Field Trip: Olympic Training Center in Colorado

Now that your kids are all pumped up about the Olympics, you might want to consider a trip to the Olympic Training Center in Colorado Springs. It’s definitely on our to-do list!

The tours are offered year round, Monday- Saturday, and best off all–they’re FREE! You may be fortunate enough to catch a peek at some athletes in action.

Check out the website to find out more!



We Skip School

…and you should too.

Three Cornered Hug“We’ve been wondering, do you guys get snow days?”, asked our next door neighbor. “No, we take “sun” days.”

We’ve often surprised people with our year-round school schedule. Snowy days–we do play outside. BUT we also do school. There’s no reason not to. Summer days are the same way. Remember those long, boring dog days of summer? We don’t have those. Yes, we go swimming and do theme parks. BUT we also do school. That’s how we fill up the rest of the time when our friends are on vacation, etc.

So, do we ever take time off? Absolutely. You know those wonderful, sun-shiny days, when the temperature is just right? When the smell of the fresh air is intoxicating, and your eyes keep wandering toward the window? That’s when we call up some friends and run away to the park or go hiking. WE SKIP SCHOOL.

There have been other times as well. One beautiful fall, we just randomly took a week off and ran away to Chicago to visit my Aunt. (However, I guess going to the Museum of Science and Industry or visiting Chinatown would qualify for educational experiences.) When my husband has the chance to go somewhere cool for work- we go too. (Again, arguably still school.) When my mom had surgery and needed help, when my sister was in a car accident- WE SKIPPED SCHOOL.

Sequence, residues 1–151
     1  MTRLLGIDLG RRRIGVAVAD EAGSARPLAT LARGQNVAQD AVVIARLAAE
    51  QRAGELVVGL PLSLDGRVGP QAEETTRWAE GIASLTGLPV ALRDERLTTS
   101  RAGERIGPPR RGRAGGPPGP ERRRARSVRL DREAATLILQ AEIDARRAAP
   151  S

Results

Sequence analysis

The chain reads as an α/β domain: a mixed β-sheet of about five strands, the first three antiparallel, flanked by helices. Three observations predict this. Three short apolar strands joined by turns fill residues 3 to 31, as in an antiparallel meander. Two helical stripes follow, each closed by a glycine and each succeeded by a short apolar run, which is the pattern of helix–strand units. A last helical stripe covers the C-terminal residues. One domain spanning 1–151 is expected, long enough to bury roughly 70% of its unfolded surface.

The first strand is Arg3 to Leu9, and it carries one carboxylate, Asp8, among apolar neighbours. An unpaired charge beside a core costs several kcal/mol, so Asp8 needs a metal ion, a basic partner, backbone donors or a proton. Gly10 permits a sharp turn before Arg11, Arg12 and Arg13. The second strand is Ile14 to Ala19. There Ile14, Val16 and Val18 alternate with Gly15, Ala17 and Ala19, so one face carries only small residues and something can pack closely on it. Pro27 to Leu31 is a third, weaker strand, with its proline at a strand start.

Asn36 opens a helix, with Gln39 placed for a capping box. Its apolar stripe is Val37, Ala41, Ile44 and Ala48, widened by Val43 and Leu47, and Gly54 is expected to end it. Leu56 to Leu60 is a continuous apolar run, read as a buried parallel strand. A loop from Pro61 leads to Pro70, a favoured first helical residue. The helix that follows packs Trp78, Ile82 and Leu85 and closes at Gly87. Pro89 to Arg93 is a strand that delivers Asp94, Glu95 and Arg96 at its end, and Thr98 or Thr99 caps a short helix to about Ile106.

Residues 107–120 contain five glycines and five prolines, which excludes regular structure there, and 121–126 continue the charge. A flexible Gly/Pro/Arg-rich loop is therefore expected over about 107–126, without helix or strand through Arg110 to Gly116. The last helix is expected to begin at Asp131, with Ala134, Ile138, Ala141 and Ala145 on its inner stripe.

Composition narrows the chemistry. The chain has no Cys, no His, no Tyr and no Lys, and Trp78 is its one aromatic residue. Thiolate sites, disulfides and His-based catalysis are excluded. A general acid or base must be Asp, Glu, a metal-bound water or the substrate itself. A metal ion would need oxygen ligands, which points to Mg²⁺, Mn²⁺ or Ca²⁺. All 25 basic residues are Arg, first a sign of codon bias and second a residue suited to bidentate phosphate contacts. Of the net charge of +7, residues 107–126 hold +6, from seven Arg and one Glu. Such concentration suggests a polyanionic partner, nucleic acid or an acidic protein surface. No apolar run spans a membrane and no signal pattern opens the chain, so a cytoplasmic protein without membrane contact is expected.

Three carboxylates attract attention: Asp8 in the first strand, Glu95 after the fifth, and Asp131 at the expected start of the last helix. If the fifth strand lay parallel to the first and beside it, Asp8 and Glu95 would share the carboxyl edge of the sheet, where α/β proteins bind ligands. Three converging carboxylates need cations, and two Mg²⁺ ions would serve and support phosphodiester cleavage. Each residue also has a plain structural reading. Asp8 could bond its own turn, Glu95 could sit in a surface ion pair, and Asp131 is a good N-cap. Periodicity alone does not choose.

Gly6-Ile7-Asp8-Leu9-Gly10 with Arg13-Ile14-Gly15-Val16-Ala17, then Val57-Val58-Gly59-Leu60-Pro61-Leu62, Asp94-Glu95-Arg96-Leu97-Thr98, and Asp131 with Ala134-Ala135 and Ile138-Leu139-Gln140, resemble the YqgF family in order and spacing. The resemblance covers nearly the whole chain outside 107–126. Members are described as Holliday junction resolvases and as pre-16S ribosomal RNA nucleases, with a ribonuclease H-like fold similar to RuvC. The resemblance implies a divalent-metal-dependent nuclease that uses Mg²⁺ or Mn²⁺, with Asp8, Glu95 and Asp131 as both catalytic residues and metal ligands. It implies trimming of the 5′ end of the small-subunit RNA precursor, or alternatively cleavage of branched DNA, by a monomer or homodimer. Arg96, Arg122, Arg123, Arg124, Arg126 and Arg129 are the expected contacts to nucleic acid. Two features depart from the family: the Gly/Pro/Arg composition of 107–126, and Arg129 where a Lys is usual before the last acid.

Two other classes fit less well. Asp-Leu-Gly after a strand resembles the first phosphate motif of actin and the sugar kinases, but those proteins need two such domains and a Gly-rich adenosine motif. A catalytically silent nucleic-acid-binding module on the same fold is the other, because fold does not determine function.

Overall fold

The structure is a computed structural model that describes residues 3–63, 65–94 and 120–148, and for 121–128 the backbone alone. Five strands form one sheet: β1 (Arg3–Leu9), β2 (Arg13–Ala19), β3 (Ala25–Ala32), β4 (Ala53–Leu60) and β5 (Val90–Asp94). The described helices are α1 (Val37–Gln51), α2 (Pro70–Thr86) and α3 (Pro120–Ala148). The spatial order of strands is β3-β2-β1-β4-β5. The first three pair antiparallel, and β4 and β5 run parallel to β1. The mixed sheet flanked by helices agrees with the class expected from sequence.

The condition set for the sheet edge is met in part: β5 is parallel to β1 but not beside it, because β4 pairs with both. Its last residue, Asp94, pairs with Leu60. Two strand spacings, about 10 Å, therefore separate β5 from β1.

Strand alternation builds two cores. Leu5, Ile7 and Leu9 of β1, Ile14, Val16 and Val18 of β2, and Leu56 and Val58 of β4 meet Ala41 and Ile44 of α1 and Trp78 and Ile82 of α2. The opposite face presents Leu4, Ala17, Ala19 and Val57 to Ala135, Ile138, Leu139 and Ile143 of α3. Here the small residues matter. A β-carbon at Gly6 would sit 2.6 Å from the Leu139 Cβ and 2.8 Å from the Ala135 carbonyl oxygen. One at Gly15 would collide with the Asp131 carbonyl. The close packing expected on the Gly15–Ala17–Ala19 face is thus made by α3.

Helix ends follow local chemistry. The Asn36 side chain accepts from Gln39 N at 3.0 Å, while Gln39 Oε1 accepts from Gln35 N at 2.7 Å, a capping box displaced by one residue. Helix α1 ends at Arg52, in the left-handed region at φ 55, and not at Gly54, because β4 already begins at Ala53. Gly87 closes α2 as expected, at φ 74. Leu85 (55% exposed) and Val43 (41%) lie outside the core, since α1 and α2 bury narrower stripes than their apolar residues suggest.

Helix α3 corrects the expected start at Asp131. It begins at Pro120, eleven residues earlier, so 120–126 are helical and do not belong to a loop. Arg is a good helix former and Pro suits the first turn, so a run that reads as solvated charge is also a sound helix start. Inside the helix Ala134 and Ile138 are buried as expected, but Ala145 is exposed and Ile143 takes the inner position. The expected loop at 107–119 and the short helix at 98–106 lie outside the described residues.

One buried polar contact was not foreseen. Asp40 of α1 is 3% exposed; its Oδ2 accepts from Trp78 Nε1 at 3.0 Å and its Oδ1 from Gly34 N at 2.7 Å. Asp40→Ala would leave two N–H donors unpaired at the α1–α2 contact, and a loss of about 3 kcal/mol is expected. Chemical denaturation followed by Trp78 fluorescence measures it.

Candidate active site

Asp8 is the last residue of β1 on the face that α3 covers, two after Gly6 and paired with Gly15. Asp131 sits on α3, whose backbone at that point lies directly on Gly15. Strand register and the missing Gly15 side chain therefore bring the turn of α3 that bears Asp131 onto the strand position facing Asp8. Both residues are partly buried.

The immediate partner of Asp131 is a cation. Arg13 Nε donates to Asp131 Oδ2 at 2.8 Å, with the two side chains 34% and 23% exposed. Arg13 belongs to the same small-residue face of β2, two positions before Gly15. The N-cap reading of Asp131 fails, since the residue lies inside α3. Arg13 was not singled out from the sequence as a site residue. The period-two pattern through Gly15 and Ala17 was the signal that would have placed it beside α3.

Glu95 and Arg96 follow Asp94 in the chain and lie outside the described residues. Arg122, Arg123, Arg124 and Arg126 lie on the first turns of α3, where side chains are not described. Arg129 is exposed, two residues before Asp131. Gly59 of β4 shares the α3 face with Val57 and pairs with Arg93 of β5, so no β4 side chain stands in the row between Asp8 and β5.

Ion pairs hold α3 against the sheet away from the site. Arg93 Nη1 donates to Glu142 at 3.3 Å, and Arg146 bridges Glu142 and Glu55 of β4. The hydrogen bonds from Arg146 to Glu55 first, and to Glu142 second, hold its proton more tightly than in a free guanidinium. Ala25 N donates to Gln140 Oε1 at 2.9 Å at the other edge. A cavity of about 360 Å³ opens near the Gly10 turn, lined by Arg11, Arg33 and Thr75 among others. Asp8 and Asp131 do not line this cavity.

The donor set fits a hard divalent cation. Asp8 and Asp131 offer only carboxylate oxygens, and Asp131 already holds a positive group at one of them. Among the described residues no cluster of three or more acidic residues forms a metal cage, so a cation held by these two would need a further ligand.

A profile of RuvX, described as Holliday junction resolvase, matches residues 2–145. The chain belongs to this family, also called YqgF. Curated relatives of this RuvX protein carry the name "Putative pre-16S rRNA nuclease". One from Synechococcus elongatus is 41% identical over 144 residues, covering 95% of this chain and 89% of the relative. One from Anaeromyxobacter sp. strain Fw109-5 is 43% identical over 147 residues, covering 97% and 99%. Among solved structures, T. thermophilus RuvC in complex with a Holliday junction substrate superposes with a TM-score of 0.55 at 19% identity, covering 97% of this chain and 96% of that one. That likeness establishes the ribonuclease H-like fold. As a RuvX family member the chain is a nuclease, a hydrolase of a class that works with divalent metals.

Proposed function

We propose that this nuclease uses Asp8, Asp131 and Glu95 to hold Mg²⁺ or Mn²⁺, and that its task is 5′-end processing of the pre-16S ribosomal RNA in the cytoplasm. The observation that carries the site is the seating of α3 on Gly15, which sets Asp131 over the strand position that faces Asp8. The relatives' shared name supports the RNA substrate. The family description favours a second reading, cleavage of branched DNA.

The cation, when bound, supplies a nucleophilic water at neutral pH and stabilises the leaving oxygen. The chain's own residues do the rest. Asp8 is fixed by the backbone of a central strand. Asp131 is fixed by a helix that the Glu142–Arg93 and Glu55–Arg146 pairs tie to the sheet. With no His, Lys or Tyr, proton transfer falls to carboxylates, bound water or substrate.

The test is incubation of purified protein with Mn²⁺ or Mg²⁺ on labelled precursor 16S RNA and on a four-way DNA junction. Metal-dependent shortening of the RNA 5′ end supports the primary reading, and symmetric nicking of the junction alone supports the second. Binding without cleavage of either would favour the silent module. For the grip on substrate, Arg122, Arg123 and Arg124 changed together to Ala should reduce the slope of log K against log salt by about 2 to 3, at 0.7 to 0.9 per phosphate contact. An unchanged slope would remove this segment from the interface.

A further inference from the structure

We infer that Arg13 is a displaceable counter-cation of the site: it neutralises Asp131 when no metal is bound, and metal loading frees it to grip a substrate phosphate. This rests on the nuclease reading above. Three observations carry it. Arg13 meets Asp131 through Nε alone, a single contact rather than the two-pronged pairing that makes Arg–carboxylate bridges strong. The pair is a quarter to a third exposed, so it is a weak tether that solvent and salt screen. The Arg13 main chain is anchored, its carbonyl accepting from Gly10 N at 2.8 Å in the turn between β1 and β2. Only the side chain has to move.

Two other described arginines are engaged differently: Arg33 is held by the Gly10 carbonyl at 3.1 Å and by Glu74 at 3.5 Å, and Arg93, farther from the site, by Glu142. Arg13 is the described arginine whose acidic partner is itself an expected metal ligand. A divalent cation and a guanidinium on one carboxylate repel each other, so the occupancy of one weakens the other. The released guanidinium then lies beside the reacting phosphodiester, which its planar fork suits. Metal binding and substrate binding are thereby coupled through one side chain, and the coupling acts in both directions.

That’s the great thing about homeschooling, the great thing about doing school the way we do: a flexible schedule. There’s such a freedom in it. We can take off and not sweat it. Do I want my child to know that learning is important? YES. However, I also want him to know that enjoying life is equally important. I want him to realize that there’s more to know than what can be learned inside of four walls.

Free Entrance Days in the National Parks

National Parks @ Three Cornered Hug

February 15th-17th happens to be a free weekend at many of our national parks (including the nearest and dearest to me- Rocky Mountain National Park!). Many are already free, but this will include those that typically charge an entrance fee.

Check out their website to see other free dates throughout the year:
So get out there and enjoy yourself!

Beat Winter Boredom: Things to do inside

Ideas to Beat Winter Boredom @ Three Cornered HugOld Man Winter has teamed up with Jack Frost and Punxsutawney Phil this winter to make a very miserable season for much of the US. If your kids you are tired of being cooped up, check out these ideas.

  • Play “Pockey” We invented this game a couple of years ago. Move all of your chairs away from the kitchen table and play ping pong–using your hands as paddles.
  • Have a sock fight in your living room. (Remember to hide behind a chair!)
  • Two words: SHRINKY DINKS
  • Put a pan outdoors to catch the snow, and use it make some snow cream.
  • Learn a useful skill with your kids. Grab a length of rope or paracord and head over to this knot tying guide
  • Learn how to finger knit